The Toronto-based exhibitor certainly can. According to The Hollywood Reporter:
…Imax is busily looking to increase its number of pre-release engagements for Hollywood tentpole titles as [it] aims to stand out in a crowded field, which includes new competition from China’s upstart Dmax technology.
“We believe that incorporating some kind of Imax DNA, such as the cameras and aspect ratios, is one of the key ingredients of ensuring the success of an Imax early-release, Imax CEO Richard Gelfond told analysts Friday morning.
Gelfond pointed to six to eight upcoming Hollywood titles that could potentially benefit from audiences slipping on the Imax 3D glasses early.
“On that point, stay tuned,” he told analysts.
Oh, we will.
For this to become a regular thing, THR points out, isn’t so easy. First, movies need “to have been shot, if only partially, using proprietary cameras and with a specific aspect ratio.” And studios may be reluctant to do all this without knowing that Transformers 10 or whatever “will benefit from early word-of-mouth from Imax’s fanboy audience, something it can only determine when a movie is completed or locked.”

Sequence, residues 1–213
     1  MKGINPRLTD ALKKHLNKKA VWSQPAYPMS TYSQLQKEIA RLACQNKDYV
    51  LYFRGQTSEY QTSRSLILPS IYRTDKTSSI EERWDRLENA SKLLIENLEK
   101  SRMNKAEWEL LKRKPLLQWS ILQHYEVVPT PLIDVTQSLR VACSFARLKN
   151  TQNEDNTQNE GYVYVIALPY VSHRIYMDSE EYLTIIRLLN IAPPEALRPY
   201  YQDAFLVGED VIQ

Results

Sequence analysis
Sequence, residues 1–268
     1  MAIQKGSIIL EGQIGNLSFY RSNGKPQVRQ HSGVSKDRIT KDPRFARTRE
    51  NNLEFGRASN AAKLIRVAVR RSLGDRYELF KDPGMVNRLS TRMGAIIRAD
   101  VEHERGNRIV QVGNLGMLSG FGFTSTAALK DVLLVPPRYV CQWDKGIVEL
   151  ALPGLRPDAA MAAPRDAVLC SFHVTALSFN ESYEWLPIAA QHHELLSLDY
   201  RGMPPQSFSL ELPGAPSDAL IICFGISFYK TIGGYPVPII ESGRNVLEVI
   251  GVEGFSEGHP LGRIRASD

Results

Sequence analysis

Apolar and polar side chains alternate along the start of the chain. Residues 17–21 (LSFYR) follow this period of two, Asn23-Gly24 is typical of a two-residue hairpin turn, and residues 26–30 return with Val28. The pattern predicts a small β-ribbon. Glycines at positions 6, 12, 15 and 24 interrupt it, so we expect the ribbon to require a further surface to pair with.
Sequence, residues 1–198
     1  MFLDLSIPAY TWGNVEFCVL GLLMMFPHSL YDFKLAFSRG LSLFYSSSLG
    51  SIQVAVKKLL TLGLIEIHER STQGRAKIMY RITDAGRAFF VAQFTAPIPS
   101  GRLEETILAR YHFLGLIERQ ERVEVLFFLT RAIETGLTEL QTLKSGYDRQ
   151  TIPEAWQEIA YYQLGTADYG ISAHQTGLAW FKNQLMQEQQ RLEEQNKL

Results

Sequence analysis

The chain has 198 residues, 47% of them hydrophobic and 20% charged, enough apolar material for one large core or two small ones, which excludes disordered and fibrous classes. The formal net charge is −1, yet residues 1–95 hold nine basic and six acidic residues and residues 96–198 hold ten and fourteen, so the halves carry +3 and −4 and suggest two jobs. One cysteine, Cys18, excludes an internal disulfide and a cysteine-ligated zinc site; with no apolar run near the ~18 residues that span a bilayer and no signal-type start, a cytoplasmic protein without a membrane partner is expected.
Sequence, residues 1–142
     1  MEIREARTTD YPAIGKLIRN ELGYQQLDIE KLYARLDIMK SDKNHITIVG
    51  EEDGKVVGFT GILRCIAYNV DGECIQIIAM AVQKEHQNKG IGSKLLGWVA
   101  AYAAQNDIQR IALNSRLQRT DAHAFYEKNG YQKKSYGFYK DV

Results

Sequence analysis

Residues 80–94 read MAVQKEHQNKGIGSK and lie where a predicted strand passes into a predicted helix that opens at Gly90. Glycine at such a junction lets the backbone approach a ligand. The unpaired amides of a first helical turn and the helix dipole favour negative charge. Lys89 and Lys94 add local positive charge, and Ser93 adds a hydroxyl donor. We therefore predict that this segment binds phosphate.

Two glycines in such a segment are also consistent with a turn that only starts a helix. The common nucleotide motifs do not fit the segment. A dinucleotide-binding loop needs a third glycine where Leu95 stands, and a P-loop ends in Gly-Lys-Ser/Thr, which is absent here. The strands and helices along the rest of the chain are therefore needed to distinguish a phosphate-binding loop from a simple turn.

Second, exhibitors have to be on board with devoting screens for the release.
If the relevant parties can agree, I think it’s an excellent idea. Blockbusters are big and gaudy and colorful, so another topping sounds great. Movies are expensive anyway—unless you head to the multiplex right after breakfast—so what’s a few more bucks? Plus, you get to revel in seeing a pop culture event early, just like a big shot.
But, remember, no amount of IMAX goodness can improve a terrible movie like Captain America: The First Avenger. Multiplied by millions, those “few more bucks” can cause a lot of agitation.